1. JA’s letters to AA of 8 and 10 Feb. and his first letter of 9 Feb. are all above. For JA’s second letter to AA of 9 Feb. (Adams Papers), see JA to AA, 8 Feb., note 4, above.
2. “The follies of the father afford no useful lesson to the son; each generation must have its errors” (Frederick II, Posthumous Works of Frederic II, King of Prussia, transl. Thomas Holcroft, 13 vols., London, 1789, 3:375).
{ 92 }
3. Henry St. John, Viscount Bolingbroke, to Jonathan Swift, 17 Jan. 1730/31, The Works of the Rev. Jonathan Swift, D.D., 19 vols., London, 1808, 12:180.
4. Possibly a misquoting of Shakespeare, The Tempest, Act I, scene ii, line 50: “In the dark backward and abysm of time.”
5. James Thomson, Liberty, Part IV, “Britain,” lines 88–93, 96–97, 108–109, 111–117.
6. AA’s discussion of female rulers is paraphrased, and in parts directly quoted, from “On the Political Abilities of the Female Sex,” Universal Magazine of Knowledge and Pleasure, 62:174–175 (April 1778).
7. For the General Court’s response to Samuel Adams’ speech, which appeared in the Boston Columbian Centinel, 22 Feb., see AA to JA, 12 Feb., note 2, above.
8. Americanus originally appeared in the Philadelphia American Daily Advertiser, 31 Jan., 7 Feb., and was reprinted by the Boston Columbian Centinel, 19, 22 February. Americanus assesses how “the cause of Liberty” might be forwarded by U.S. involvement in the general European war, asking, “Whether the degree of service we could render, by participating in the conflict, was likely to compensate by its utility to the cause, the evils which would probably flow from it to ourselves.” The author focuses on the costs of war, the ability of the United States to lend meaningful support to France, and the impact involvement would have on U.S. prosperity, concluding that involvement would not meaningfully assist France and might damage U.S. interests.
9. James Thomson, “Britannia,” lines 122, 126.

Docno: ADMS-04-10-02-0046

Author: Adams, Abigail
Recipient: Adams, John
Date: 1794-02-28

Abigail Adams to John Adams

[salute] my Dearest Friend

I yesterday received your favours of the 17th of this Month. I was attending at the sick Bed of our dear Parent, from whence for six weeks I have been very seldom absent unless a Nights; my Health would not permit me to be with her then. she you will find by a letter received before this Date, had anticipated your wishes, and sent you her blessing. upon me she hourly bestows them, and I never quit her but with her gratefull acknowledgments to me for every little attention I can render her even to giving me pain. she is weaker, her decline is gradual, but thank God she does not suffer severe pain. I have past through this month without being confined as in two former years. I have had a slight attack or two, but by taking an Emetick it went off. I cannot feel sufficiently thankfull as I have been enabled to “Make Langour smile, & smooth the Bed of Death”1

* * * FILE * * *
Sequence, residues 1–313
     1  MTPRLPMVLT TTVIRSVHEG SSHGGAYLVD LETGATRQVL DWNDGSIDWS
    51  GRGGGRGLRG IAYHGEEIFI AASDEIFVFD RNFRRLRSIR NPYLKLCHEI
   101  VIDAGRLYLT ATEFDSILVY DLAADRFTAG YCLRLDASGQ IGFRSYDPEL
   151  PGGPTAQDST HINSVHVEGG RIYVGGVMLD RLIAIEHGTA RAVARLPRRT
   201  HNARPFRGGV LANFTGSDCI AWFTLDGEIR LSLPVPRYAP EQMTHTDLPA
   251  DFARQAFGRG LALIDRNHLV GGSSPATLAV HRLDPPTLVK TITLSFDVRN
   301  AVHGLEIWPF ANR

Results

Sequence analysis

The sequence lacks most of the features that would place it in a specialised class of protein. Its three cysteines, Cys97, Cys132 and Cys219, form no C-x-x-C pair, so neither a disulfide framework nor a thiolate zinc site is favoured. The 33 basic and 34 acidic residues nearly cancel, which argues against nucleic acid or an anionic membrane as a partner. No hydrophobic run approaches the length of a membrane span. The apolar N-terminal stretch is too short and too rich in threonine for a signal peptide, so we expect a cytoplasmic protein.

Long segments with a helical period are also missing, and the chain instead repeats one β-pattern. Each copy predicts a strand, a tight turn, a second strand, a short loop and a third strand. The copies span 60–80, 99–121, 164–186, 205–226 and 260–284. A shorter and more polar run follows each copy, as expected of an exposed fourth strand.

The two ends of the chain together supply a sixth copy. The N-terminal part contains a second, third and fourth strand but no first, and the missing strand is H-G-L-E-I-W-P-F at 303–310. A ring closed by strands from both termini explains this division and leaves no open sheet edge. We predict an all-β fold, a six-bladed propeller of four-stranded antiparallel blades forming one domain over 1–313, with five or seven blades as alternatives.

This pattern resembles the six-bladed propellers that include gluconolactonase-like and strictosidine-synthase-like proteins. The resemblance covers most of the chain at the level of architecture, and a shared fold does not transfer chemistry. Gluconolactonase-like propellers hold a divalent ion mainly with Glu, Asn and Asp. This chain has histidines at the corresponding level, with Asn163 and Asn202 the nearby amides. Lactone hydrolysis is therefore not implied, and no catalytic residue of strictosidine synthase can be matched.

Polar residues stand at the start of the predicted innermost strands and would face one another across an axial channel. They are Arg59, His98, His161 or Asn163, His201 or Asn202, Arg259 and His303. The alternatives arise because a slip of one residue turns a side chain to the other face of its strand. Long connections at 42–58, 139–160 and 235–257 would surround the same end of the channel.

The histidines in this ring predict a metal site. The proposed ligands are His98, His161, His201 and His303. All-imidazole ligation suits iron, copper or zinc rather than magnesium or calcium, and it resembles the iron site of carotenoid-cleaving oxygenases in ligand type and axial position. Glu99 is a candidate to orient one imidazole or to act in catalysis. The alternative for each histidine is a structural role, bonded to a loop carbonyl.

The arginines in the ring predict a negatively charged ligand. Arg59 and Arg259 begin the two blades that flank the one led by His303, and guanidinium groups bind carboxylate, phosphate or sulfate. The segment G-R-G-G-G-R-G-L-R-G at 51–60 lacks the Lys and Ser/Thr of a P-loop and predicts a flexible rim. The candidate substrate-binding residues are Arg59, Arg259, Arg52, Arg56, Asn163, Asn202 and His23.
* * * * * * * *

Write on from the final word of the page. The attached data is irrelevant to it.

I sent your Lattin to John.2 I should like to puzzel you as much; I have not said a word of the late movements in Boston. as he was upon the spot, I supposed he would give you an accurate statement of them. you will learn before this reaches, you that the Feaderialists carried their points, and by a very great Majority.3 not only this, but I was assured yesterday that they were determind, that Honestus should quit the Senate & Jarvis the House at the next Election, & that Judge Cushing should be placed in the Chair.4 we shall soon see if they have the wisdom and power they claim. this meeting { 93 } originated with the Jacobin Society who have received a check from which they will not soon recover. I was much diverted with the account I received yesterday of a certain weather cock. the General court were sitting upon the Impeachment of Hunt, and this person was obliged to leave the meeting to attend. when he went out of the meeting he was with the Majority who were in favour of some resolves which past at a former meeting during his absence the reasoning & Arguments of the Minority became so convincing that in poling for the vote the Minority had now become the Majority. just as this juncture he returnd, and upon entering the Hall, he limp’d first to one side, & then to the other not knowing in the croud what had happend, and finally fix’d himself in the Minority, upon which an acquaintance, cry’d out “ah Jemmy thou art caught this time” to the utter dismay of the Camelion
you observe that Congress have done little Buisness—except preserve their Country from going to War. that is a service inestimable in my account, and time and disenssion have unfolded to this people the views and designs of Foreign courts and countries towards them, which will ultimately benefit them.